Given the extent of socioeconomic damage to such people under Apartheid, investors understand how sensitive the issue of wealth redistribution is in societies that are still grappling with the destabilizing effects of colonial economic policy. Nonetheless, resource nationalism taken to extremes makes foreign investment uninviting. In 2017, South Africa was ranked 48th out of 91 states on the Fraser Institute’s Investment Attractiveness Index, a lower rank than would have been expected from a stable regulatory environment with reasonably competitive taxation and no political threats. The austerity of the updated Mining Charter, together with growing wage price pressure, partly accounts for the investors’ uncertainty in this market. 

Zambia is also experiencing shaky investor confidence in its mining sector, due to heavy taxation as a form of resource nationalism. It has a 30% corporate tax on mining, and a 4-6% royalty tax on minerals such as copper. Between 2001 and 2016, it experienced 15 years’ worth of short-term mining reforms, leading to eight re-draftings of national mining contracts. Its fluctuating royalty rates earned Zambia a Fraser Institute Investment Attractiveness ranking of 58 out of 91, a comparatively weak score by the above standards. This was due to a combination of factors, including the government mismanagement of mining revenue. In consequence, though Zambia has some of the highest natural copper resources of any country, an estimated 60% of its 14 million population live below the world poverty line.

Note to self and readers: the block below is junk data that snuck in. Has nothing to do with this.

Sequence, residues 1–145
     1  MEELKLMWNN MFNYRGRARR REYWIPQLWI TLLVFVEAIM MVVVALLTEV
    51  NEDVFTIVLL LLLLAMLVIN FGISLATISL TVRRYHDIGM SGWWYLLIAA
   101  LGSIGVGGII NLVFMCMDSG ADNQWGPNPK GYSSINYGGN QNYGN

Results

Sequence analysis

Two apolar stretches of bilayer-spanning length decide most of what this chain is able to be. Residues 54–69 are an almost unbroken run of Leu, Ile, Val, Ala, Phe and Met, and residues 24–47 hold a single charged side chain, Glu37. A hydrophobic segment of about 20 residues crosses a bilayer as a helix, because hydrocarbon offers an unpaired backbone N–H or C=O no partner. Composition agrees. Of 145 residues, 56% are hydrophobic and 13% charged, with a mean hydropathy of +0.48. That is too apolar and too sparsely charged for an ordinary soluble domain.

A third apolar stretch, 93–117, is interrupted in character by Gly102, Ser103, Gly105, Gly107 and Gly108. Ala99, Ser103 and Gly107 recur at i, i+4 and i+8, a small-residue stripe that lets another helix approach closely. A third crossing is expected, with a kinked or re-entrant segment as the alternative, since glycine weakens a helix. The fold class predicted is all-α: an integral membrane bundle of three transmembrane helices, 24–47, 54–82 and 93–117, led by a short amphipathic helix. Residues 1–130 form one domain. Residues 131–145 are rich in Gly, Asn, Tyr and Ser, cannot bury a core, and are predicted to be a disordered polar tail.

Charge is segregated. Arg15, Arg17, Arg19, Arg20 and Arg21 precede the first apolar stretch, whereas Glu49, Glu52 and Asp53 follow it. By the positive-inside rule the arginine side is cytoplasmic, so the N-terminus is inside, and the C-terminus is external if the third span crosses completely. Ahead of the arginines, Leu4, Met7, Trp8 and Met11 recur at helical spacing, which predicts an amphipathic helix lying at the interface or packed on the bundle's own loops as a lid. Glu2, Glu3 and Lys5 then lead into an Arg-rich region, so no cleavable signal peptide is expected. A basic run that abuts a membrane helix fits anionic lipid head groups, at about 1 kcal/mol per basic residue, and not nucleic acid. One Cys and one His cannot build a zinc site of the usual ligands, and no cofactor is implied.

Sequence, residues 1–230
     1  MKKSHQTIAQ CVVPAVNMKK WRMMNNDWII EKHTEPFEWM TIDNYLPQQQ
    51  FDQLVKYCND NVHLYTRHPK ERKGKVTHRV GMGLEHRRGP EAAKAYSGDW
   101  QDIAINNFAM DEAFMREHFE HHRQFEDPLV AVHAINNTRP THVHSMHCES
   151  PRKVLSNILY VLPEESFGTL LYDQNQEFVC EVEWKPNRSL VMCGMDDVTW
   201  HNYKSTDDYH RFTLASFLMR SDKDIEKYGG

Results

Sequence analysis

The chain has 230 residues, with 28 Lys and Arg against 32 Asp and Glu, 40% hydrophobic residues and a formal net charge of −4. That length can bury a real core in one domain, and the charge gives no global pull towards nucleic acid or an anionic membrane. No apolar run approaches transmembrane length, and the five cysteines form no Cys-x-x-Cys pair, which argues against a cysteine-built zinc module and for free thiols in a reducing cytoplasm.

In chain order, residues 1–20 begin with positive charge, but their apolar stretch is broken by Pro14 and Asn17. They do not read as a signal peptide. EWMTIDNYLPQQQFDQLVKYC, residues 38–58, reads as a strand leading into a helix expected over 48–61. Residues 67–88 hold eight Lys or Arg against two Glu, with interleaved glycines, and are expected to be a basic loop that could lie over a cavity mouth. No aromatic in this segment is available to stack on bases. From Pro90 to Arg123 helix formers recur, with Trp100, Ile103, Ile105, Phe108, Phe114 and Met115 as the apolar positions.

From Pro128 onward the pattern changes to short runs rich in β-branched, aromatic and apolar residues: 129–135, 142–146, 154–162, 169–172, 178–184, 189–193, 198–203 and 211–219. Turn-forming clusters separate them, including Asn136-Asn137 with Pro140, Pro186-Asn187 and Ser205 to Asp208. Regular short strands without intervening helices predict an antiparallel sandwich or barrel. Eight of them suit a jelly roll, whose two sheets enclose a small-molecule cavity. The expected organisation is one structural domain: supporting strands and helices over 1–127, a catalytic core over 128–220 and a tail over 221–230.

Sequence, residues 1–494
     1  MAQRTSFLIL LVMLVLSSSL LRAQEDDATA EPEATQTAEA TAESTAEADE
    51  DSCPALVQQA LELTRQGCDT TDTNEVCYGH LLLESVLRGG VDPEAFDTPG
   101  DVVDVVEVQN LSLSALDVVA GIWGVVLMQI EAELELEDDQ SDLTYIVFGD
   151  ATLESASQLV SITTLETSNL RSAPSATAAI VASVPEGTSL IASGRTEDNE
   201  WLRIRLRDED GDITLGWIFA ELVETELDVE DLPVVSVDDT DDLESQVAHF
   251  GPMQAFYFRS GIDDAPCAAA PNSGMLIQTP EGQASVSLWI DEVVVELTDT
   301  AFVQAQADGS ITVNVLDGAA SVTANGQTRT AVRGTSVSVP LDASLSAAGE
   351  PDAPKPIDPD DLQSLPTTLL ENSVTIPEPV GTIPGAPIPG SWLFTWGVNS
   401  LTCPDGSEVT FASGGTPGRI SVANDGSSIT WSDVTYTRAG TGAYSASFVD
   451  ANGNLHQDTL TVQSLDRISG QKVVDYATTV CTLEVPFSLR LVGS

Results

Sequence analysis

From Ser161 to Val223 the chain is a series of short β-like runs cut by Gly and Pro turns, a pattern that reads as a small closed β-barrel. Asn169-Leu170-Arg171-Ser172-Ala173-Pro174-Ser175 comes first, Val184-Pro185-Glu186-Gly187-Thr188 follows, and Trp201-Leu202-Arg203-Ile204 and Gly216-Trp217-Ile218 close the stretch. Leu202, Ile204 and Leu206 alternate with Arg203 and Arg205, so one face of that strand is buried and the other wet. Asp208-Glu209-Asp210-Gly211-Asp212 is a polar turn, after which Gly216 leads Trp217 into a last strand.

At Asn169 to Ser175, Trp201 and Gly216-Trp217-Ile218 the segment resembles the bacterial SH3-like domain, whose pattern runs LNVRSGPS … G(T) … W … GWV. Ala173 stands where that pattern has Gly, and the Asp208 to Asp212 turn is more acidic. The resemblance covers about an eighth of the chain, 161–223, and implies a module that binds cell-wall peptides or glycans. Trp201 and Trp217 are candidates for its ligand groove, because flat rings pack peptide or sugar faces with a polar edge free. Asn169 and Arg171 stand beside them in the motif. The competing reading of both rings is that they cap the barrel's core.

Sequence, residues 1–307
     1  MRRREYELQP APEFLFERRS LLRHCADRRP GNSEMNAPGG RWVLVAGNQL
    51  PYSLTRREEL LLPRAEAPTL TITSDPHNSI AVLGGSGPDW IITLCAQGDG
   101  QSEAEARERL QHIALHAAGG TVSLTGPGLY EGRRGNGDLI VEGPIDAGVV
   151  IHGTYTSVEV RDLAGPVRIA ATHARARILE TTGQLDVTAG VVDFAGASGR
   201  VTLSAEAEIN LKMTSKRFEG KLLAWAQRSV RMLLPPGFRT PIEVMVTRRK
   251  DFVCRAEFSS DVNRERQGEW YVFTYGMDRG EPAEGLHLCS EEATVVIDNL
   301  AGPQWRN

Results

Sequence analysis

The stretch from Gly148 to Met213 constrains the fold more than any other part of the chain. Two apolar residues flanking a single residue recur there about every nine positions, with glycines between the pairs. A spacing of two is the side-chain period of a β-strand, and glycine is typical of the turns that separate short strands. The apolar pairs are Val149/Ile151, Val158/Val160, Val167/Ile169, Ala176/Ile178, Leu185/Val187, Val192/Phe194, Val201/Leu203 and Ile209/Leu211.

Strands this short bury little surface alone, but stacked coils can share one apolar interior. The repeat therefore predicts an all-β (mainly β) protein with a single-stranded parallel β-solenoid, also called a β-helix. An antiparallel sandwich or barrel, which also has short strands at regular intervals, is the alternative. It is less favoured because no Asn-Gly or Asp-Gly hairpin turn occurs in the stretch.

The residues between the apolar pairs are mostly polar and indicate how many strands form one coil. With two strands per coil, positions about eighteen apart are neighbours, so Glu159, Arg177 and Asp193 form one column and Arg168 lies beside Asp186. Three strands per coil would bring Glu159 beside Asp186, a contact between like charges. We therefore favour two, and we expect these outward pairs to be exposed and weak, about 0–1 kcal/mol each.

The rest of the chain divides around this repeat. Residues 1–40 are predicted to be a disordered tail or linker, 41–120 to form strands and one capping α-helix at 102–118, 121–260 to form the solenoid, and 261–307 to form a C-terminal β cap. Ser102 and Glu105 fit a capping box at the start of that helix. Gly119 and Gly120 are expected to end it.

The above evidence has helped erode Zambians’ trust in their government. In January, the government introduced legislation requiring 30% of bulk goods to be transported by railway. The law was introduced in order to “revive” collaboration between the transportation and mining sectors. If the changes were adopted more broadly and the volume of cargo increased, however, trains might operate above capacity. Hence foreign investors see it as yet another government attempt to draw further investment from mining firms to maintain or improve Zambia’s infrastructure.

In addition, government debt is a channel through which mining firms pay heavy fees. Canadian copper producer First Quantum, Zambia’s largest copper miner, was involved in a dispute with ZCCM Investment Holdings, the state-owned mining firm, over the interest rate it received on deposits that were meant for corporate expansion. This resulted in a $7.9 billion tax claim from the Zambia Revenue Authority (ZRA) to First Quantum on the grounds that for five years it had grossly underpaid some import duties.